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Harmony by Harmony (Australia) Album Cover
This album is a watershed and a new bench mark in the blues. A seamless meshing of modern and vintage sounds, that is faithful to a number of mistresses, demure, delightful and dangerous. Blending soul, indie, avante and noise-rock it is born from lips which have been wrapped lovingly around both American and Australian musical roots. The result is a delicious hybrid musical form that sings to me of sadness and power.

This music is dangerous and confronting. Not because it takes you too far out there, instilling fears of no safe return, but because it lures, seduces, lays you in front of the fireplace and then pulls the rug out from under you and throws you into the fire unawares. Like Townes Van Zandt’s blue dressed lover in Our Mother the Mountain, you want to touch the emotion here, but when you do it screams in your face and curses you, albeit deliciously. It’s no coincidence that the cover image is from the tear streaked viewpoint of the victim of a sun-frocked waif pointing a shotgun at his/her head.

The production on this album is also worthy of praise. On first listen, one’s protooled and brick wall master attuned ears may be forgiven for thinking this is a demo recording, or a relic from the glory days of 4 track. But no, dear listener, this is the rugged and raw sound of a band nailing their songs live and with minimal over dubs – thank the gods!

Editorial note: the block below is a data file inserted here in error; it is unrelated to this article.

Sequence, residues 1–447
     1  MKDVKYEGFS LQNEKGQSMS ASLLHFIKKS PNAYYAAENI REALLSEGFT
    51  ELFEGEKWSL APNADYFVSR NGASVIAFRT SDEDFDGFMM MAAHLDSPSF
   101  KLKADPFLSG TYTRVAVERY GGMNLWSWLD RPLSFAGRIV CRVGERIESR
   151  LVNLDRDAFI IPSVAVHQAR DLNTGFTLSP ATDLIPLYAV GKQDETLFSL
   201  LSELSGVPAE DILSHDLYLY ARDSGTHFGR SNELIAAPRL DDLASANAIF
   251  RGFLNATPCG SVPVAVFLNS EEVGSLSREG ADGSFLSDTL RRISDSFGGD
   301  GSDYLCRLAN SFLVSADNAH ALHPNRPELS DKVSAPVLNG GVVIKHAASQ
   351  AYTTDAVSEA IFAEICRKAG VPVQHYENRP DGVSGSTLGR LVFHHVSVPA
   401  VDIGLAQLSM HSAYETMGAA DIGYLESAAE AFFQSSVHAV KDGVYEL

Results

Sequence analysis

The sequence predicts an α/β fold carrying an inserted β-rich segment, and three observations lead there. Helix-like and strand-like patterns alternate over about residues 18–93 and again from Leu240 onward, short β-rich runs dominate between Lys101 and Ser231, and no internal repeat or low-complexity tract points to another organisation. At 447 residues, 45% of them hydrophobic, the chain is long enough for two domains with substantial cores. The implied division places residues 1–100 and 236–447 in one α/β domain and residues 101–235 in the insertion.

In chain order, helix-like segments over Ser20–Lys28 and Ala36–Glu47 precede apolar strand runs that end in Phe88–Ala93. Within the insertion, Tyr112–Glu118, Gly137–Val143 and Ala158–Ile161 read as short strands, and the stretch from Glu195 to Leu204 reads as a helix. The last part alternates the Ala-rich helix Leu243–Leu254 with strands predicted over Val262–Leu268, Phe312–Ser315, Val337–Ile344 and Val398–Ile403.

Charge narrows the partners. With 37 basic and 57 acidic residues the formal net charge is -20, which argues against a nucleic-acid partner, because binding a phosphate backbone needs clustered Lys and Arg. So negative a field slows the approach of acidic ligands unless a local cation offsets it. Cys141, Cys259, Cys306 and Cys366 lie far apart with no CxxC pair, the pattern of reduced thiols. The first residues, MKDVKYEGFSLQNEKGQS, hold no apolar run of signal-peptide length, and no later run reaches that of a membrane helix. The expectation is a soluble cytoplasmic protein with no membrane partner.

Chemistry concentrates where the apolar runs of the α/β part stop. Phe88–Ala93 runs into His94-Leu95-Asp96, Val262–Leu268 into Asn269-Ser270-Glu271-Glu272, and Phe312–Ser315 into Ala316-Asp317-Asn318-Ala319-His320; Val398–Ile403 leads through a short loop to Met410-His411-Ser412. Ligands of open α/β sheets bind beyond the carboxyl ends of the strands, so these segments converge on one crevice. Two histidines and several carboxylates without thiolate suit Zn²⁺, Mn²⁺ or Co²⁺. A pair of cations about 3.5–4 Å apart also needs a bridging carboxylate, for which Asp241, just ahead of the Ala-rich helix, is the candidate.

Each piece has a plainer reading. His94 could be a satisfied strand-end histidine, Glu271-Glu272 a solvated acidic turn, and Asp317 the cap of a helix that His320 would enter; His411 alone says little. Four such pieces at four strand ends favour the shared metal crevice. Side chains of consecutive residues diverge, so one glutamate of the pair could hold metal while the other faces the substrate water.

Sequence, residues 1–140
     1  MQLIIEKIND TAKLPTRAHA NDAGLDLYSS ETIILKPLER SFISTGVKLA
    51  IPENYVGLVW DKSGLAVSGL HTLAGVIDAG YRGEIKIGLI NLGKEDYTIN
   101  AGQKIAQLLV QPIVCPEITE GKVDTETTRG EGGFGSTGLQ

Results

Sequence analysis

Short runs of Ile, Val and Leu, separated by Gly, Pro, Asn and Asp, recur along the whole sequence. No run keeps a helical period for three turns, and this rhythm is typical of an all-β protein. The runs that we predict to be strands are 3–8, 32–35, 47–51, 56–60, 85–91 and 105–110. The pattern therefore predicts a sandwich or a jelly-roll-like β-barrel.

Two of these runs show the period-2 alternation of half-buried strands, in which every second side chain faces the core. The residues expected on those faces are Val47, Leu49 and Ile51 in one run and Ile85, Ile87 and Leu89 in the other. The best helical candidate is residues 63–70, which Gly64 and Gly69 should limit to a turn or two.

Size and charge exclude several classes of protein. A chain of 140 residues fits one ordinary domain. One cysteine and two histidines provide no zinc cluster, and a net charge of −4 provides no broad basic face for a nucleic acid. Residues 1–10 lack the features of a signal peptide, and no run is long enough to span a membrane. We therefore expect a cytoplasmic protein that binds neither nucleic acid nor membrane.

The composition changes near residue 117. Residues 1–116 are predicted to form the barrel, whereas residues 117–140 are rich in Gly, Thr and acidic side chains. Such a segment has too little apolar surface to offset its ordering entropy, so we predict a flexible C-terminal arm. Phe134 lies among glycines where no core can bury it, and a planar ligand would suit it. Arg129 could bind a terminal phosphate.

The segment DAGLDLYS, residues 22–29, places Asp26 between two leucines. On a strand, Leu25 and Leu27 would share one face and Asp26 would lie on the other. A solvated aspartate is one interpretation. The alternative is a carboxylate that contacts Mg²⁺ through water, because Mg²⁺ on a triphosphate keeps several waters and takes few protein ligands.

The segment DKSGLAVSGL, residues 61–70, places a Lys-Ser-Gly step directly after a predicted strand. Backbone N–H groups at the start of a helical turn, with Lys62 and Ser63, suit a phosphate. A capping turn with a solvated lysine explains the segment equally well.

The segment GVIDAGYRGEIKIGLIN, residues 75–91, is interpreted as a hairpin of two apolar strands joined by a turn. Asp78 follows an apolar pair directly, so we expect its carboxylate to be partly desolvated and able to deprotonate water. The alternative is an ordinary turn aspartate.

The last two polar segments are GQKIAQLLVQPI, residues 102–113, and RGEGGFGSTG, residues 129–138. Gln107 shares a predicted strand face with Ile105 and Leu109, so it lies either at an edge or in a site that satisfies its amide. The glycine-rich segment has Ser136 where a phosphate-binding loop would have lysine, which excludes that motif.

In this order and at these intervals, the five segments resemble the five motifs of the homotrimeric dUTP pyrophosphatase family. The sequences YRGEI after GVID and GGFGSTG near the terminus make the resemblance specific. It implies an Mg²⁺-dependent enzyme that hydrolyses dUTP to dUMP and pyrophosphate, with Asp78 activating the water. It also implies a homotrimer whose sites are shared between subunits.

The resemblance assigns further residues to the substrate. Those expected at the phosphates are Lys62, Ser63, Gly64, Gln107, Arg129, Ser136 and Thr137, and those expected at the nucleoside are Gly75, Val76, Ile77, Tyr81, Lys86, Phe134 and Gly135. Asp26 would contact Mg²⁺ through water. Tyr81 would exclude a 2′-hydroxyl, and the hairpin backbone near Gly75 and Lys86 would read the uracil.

Tom Lyngcoln’s (The Nation Blue, Lee Memorial) voice and guitar is passionate and peerless. At times I think Al Green, at his most raw and exposed, has inhabited Tom’s body, but then he’s talking to me, like a guy I just met down at the pub, about his troubles. Tom’s guitar is a similar freak fusion of noise, jazz and blues licks and influences from his Tasmanian heritage (ala Sea Scouts, Bird Blobs et al) sing their sweet discordance to my ears.

Alex Kastaniotis’ (Remake Remodel) and Jon Chapple’s (McLusky) drums and bass are like the Prozac in this blessedly unstable musical manifestation. They keep us, thankfully, tethered to some approximation of musical normality – but more like the normality of the initiated shaman, than the mediocre normality of bourgeois modernity.

And what would we have if the scorched and regenerative feminine voice, encapsulated in the potent harmonies of Amanda Roff (Ukeladies), Quinn Veldhuis and Maria Kastaniotis, were absent here? I think of one of my favourite Saul Williams rhymes, “I presented my feminine side with flowers, she cut the stems and placed them gently down my throat, and these 2 lips might soon eclipse your brightest hopes.”

If your interest has been pricked by these wild words and you have not heard this album, I recommend you do so now. Or to listen to Harmony’s music go to their bandcamp page